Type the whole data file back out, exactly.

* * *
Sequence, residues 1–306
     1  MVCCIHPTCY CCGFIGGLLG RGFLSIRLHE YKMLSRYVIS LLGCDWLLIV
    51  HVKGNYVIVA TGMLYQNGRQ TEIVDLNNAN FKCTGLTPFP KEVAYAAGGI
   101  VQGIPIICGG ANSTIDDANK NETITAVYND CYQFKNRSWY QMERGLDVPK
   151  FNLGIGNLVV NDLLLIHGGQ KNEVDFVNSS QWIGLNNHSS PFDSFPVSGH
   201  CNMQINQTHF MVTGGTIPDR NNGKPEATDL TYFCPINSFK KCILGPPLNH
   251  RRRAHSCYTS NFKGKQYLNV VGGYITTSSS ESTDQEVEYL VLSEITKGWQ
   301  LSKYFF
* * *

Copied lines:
Sequence, residues 1–306
     1  MVCCIHPTCY CCGFIGGLLG RGFLSIRLHE YKMLSRYVIS LLGCDWLLIV
    51  HVKGNYVIVA TGMLYQNGRQ TEIVDLNNAN FKCTGLTPFP KEVAYAAGGI
   101  VQGIPIICGG ANSTIDDANK NETITAVYND CYQFKNRSWY QMERGLDVPK
   151  FNLGIGNLVV NDLLLIHGGQ KNEVDFVNSS QWIGLNNHSS PFDSFPVSGH
   201  CNMQINQTHF MVTGGTIPDR NNGKPEATDL TYFCPINSFK KCILGPPLNH
   251  RRRAHSCYTS NFKGKQYLNV VGGYITTSSS ESTDQEVEYL VLSEITKGWQ
   301  LSKYFF